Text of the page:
I recently had a wonderful adventure in Paris' Muséum national d'histoire naturelle (the Natural History Museum). Long-time readers will know I have a fondness for such collections, especially those in the Victorian vein.
The institution has a long and esteemed history. Founded in 1793 it survived the French Revolution and has been chaired my many eminent minds like Cuvier (the paleontology pioneer). It is also, more awesomely, embedded in French pop culture as the home of a not-so-fossilised pterodactyl's egg in Les Aventures extraordinaires d'Adèle Blanc-Sec.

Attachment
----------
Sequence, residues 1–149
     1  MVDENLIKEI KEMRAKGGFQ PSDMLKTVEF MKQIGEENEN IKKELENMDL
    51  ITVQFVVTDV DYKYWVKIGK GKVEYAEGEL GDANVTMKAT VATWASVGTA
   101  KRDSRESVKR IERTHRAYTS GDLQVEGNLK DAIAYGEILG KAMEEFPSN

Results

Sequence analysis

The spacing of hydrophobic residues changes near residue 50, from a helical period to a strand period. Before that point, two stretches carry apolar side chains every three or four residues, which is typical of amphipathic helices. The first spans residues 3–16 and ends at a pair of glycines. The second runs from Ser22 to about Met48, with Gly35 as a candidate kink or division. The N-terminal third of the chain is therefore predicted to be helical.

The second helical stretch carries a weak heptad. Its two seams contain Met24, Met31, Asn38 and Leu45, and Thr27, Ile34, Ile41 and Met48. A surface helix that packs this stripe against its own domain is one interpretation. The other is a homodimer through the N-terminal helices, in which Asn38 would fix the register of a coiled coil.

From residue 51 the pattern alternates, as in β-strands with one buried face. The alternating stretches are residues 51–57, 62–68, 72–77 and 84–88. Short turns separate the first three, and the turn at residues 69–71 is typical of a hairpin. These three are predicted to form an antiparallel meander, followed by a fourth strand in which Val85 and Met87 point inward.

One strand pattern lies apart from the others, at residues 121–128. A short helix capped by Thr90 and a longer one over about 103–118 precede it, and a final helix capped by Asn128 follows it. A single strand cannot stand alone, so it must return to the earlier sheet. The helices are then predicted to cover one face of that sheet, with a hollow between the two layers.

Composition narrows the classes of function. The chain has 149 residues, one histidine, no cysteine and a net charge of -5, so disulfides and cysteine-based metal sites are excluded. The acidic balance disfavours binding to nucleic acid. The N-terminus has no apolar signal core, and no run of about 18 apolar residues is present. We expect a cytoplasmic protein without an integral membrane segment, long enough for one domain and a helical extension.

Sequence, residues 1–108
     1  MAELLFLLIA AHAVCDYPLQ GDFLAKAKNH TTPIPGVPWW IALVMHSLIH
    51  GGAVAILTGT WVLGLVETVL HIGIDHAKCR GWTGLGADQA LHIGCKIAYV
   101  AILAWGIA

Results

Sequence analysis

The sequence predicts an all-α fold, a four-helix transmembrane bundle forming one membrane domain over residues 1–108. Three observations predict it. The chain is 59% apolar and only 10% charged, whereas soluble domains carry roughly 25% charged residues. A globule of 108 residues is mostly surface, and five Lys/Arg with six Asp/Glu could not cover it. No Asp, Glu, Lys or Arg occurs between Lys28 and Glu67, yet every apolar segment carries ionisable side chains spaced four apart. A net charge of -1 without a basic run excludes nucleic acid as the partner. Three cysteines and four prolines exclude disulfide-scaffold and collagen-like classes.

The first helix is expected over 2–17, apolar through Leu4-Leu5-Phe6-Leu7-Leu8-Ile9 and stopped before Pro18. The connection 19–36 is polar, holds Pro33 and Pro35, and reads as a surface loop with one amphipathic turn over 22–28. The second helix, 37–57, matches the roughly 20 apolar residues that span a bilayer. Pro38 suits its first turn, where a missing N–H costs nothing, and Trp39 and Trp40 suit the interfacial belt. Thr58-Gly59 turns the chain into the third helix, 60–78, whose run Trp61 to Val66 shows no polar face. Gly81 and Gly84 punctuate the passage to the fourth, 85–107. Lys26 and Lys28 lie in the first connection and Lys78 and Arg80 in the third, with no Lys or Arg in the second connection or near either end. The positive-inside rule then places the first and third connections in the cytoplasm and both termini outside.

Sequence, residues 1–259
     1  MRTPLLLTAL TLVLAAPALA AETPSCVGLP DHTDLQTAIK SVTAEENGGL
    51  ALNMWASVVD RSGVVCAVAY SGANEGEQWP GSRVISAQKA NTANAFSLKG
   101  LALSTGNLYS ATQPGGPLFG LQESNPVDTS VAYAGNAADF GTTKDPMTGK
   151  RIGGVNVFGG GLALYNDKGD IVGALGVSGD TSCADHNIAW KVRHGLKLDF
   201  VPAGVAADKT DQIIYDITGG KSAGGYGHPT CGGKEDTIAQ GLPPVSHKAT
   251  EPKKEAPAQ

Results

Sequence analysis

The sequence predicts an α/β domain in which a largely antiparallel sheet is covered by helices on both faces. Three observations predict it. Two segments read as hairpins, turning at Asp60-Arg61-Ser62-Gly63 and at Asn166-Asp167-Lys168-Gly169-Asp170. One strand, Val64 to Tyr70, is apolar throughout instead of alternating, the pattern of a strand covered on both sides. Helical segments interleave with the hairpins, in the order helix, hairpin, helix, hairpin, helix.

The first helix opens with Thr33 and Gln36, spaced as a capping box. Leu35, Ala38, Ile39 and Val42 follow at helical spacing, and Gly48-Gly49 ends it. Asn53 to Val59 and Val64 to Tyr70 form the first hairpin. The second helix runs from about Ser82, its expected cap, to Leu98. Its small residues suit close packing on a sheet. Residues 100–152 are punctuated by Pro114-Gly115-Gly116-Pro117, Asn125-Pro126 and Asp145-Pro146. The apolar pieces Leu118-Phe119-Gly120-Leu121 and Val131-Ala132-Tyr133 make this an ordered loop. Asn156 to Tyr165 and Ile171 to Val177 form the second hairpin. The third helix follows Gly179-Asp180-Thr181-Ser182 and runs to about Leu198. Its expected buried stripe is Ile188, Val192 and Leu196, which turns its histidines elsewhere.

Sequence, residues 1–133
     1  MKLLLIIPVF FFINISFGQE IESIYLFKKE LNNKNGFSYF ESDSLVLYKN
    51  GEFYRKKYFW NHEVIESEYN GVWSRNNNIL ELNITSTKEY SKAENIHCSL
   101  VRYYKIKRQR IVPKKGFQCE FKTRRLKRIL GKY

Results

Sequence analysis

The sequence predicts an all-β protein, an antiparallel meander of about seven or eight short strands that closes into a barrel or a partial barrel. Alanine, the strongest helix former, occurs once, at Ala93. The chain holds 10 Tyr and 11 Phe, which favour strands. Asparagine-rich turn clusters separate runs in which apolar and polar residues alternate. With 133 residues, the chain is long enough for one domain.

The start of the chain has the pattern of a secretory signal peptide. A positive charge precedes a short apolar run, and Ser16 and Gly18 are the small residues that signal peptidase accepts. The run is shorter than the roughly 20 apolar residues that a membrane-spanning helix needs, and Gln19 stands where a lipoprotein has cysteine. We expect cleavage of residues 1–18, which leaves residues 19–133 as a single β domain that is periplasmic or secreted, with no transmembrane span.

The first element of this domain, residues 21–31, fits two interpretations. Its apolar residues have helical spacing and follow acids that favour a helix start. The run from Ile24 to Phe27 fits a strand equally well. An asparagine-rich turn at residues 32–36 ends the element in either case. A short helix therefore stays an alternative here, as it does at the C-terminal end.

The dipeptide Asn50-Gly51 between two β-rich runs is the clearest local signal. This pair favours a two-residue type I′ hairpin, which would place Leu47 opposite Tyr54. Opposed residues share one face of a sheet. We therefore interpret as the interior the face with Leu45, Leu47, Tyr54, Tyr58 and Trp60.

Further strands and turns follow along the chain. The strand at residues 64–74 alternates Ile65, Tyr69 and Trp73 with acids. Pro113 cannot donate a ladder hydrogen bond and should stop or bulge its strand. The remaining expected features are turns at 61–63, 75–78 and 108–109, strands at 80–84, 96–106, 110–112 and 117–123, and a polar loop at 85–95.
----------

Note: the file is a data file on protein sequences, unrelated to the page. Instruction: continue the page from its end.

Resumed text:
The collection exceeded my expectations. Now only does the museum house a broad range of specimens, the building is a Steampunk's dream. The exposed iron girders are studded with rivets and the cabinets are of aged wood with ornate decoration. The polish and sparkle of London's museums is eschewed and the dull grey wash on the stone walls has been left to peel and fade adding a patina to the place. All this is topped off by some amazing calligraphy on the hand-written specimen labels.